What Cody Bellinger’s deal with the Cubs means for Matt Chapman — and possibly the Blue Jays

Photo credit:© John E. Sokolowski-USA TODAY Sports
Evan Stack
1 month ago
Another chapter in the book of 2024 MLB Free Agency was finally closed, as it was announced in the early hours of Sunday morning that OF Cody Bellinger had reached a three-year, $80 million deal with the Chicago Cubs with a pair of opt-outs after the first and second year.
Bellinger was one of the most sought-after names in this winter’s free agent class, and while that statement may be relative to the overall substance of the class itself, a former National League MVP off of a bounce-back year that is still only 28 years old carries a lot of deserved attention. He slashed .307/.356/.525 with an .881 OPS, 26 homers, 96 RBIs, 20 stolen bases, and 29 doubles last season for the Cubs. That 2023 campaign was a breath of fresh air for Bellinger and his representation given his 2020-2022 seasons accumulated a .203/.272/.376 slash line and a grim look at his then-first round of free agency.
While the Giants and the Yankees had a lot of noise surrounding Bellinger, the Cubs were seemingly always rumoured to retain him, and it came with good reason. The team is entering a competitive window, and maybe Chicago is the place where Bellinger can find and maintain his high level of production.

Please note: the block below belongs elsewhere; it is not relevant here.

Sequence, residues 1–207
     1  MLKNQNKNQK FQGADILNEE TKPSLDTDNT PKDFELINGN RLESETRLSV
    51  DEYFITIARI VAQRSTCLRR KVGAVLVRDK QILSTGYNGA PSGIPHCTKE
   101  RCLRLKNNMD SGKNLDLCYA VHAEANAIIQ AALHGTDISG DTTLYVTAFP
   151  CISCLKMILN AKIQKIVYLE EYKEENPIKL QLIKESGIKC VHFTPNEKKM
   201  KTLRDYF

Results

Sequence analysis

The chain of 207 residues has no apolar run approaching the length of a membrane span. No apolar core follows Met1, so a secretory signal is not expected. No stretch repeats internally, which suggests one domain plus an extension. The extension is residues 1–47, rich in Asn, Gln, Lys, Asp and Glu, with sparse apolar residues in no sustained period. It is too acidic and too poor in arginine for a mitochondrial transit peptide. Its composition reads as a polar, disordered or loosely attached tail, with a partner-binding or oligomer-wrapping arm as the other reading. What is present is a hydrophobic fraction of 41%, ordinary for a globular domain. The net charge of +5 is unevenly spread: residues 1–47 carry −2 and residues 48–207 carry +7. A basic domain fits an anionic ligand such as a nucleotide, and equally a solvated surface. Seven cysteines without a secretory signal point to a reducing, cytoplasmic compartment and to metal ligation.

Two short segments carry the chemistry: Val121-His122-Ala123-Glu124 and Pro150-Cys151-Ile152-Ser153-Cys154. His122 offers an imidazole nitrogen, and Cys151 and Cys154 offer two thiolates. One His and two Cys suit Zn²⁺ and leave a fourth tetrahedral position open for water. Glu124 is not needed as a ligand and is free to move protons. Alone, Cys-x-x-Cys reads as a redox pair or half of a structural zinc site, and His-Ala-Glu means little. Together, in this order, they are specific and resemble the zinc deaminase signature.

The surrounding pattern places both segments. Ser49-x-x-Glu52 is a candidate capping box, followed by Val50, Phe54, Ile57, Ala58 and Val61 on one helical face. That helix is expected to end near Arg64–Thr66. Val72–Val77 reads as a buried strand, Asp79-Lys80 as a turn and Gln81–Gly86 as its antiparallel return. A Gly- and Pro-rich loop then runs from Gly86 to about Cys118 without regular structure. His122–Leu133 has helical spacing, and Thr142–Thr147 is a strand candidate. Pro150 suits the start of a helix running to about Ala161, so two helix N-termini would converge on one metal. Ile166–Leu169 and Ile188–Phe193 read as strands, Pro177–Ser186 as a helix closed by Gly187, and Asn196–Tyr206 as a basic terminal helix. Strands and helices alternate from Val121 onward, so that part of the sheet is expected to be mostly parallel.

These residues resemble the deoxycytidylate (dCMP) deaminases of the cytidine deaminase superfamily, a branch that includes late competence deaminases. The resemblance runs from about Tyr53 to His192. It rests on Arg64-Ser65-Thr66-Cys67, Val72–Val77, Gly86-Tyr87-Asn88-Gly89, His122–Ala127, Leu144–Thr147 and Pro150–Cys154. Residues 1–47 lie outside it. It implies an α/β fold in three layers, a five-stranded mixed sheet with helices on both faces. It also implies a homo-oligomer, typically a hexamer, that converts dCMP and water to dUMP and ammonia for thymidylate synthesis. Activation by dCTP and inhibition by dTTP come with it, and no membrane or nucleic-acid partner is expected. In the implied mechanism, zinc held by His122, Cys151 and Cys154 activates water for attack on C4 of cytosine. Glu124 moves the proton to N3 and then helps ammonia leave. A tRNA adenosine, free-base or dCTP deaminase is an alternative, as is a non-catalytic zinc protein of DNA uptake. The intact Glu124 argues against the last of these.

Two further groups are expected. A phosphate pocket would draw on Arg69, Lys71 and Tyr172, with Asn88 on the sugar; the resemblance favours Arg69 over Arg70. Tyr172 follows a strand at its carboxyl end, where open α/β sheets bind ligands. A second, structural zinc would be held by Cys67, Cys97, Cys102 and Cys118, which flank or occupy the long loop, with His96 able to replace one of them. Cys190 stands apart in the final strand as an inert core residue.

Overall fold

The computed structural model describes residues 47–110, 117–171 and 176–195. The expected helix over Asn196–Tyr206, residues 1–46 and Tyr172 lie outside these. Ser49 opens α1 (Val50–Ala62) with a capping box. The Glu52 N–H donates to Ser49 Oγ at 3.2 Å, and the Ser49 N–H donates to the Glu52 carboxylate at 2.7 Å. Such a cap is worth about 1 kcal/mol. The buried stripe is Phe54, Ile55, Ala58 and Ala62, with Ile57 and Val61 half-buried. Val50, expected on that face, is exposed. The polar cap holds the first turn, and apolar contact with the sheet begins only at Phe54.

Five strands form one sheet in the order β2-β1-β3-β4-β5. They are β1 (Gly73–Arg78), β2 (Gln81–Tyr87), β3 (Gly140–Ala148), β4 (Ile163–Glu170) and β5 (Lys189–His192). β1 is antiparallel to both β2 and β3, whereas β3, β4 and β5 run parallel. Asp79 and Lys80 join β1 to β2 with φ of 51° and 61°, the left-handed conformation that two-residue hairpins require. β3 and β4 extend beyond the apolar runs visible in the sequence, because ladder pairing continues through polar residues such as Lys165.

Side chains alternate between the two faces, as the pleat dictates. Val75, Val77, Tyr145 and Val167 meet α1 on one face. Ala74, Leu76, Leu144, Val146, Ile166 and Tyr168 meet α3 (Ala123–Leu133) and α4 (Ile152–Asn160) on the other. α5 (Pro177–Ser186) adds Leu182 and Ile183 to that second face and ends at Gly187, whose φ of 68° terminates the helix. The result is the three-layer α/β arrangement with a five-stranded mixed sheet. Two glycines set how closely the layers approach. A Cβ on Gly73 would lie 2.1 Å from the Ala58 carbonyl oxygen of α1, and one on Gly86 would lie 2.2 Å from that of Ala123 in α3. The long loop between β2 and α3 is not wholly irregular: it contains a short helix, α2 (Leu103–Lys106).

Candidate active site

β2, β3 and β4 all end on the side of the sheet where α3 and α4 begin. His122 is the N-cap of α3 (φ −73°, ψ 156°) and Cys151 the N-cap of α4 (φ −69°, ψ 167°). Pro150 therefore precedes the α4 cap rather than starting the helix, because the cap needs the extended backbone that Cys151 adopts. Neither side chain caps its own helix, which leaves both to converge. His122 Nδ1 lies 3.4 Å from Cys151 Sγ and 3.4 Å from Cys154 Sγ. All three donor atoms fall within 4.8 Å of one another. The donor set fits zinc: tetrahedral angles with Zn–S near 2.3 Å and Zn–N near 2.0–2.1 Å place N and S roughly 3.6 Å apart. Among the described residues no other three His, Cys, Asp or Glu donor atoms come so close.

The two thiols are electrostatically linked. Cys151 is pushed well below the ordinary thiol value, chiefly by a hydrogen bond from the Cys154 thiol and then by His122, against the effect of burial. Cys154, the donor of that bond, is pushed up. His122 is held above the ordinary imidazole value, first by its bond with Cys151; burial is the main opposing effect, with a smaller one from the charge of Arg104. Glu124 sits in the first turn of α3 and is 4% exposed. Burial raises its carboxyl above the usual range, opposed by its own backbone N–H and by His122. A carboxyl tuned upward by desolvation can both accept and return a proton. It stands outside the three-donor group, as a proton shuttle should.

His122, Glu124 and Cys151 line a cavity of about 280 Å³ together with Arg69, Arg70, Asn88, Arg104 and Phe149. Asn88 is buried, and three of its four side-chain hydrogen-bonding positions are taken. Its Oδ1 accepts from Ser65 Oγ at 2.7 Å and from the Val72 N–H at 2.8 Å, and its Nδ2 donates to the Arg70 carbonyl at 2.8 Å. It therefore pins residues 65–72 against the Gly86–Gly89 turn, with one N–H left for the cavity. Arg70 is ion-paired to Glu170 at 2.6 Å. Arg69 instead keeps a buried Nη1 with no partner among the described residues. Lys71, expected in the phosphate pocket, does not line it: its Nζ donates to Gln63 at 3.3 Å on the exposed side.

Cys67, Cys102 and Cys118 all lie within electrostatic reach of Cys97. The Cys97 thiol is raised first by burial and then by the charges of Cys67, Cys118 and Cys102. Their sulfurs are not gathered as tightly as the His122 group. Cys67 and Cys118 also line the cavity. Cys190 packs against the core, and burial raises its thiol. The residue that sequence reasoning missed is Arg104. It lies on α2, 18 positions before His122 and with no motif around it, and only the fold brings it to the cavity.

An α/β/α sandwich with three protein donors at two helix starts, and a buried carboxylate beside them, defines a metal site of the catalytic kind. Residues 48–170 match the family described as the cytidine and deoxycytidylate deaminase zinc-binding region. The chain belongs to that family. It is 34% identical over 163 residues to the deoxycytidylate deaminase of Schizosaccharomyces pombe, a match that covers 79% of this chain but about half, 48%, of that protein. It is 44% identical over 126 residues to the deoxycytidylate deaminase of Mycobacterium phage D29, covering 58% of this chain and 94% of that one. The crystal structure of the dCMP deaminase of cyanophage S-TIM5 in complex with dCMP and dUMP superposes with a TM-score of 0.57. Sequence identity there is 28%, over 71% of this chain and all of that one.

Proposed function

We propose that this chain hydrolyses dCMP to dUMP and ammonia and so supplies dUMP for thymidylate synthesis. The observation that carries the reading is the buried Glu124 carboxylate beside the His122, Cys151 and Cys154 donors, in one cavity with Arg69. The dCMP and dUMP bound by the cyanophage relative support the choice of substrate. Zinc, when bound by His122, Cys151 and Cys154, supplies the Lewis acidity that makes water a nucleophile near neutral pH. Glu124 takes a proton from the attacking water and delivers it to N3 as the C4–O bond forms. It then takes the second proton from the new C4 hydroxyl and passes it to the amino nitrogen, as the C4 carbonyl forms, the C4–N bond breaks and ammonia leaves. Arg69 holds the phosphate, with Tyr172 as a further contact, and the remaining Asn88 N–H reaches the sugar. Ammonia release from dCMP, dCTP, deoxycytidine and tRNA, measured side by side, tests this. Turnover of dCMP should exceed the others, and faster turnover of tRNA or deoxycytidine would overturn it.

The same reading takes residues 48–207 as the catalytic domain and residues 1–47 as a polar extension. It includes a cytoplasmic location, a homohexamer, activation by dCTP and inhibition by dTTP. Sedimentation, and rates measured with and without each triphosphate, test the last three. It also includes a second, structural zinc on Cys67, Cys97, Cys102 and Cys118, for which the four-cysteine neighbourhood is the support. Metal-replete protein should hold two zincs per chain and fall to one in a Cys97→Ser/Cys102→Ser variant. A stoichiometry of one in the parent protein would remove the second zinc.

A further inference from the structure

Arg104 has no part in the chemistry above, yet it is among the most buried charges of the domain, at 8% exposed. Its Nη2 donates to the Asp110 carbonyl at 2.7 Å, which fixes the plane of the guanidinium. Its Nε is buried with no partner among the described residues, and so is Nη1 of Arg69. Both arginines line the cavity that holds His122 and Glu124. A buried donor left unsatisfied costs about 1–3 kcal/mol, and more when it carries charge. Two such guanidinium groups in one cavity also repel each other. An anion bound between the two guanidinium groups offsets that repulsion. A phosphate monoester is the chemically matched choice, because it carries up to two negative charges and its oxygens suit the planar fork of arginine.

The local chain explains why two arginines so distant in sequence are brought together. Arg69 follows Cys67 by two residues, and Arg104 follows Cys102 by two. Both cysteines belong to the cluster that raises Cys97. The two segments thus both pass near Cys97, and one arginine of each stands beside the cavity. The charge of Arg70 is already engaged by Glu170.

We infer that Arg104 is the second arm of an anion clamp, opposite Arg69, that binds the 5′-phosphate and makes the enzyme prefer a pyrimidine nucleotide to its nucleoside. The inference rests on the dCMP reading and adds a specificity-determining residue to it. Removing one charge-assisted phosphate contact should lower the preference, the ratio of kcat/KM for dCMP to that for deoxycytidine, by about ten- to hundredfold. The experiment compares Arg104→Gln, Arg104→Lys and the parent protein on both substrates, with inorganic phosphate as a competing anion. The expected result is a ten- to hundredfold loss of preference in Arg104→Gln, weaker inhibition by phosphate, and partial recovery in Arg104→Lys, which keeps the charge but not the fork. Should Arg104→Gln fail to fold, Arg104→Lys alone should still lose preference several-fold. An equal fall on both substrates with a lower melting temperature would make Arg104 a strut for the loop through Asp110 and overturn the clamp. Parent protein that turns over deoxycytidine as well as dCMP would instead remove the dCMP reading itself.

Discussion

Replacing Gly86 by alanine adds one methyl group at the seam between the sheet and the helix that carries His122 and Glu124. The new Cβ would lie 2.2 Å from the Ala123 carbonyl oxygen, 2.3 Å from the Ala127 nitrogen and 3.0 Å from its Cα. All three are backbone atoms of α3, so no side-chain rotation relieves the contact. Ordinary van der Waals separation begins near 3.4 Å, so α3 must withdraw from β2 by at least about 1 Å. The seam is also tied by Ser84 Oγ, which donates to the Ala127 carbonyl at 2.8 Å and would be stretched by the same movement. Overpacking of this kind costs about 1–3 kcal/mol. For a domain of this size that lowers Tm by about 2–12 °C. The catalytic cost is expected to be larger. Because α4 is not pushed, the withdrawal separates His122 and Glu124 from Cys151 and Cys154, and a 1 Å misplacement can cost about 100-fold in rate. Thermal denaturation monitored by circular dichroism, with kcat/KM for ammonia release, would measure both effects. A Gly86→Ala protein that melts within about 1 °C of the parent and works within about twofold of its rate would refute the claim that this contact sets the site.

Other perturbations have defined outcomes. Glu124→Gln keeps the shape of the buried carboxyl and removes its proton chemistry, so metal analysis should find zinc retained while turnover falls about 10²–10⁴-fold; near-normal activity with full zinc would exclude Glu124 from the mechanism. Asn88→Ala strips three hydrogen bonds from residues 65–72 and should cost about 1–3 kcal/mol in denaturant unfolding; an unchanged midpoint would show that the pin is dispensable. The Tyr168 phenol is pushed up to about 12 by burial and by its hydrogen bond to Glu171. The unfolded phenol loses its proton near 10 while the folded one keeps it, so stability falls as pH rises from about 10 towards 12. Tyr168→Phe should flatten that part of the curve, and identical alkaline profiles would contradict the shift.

Bellinger’s signing may be the final motion that causes the rest of the dominos to fall in this year’s still-crowded crop. The most notable names amongst the group are the rest of the “Boras Four”: 3B Matt Chapman and SPs Jordan Montgomery and Blake Snell. As their nickname suggests, those three plus Bellinger are all represented by agent Scott Boras, and they have been the players with the most question marks as Spring Training gets into full force. The asking prices were high, teams haven’t been willing to pay, and it now came down to who would be the first one to blink, an action that might have even more pressure to it now that Spring Training had started.
So, how does Bellinger’s signing impact the Blue Jays? While Toronto presumably has their 2024 roster complete, the price that Chicago got for Bellinger makes a reunion between Chapman and the Blue Jays all the more possible.
It was reported that Bellinger had an asking price of $200+ million for his next contract, and he wound up signing a deal for less than half of that. Chapman, on the other hand, was also looking for a hefty deal somewhere in the range of $150 million over five years. The third baseman market has been marked with expensive, long-term deals; let’s just say dinner is on Manny Machado (11 years/350 million), Rafael Devers (10/313.5), Nolan Arenado (9/275),  or Jose Ramirez (7/141).
Teams haven’t budged on Chapman’s and Boras’ asking price, and it’s what has ultimately led to one of the most fascinating free-agent markets in recent history. Given the amount of time it has taken to get these deals done, one can only assume Chapman is going to get a deal fairly similar to Bellinger’s 3/80 contract with opt-outs.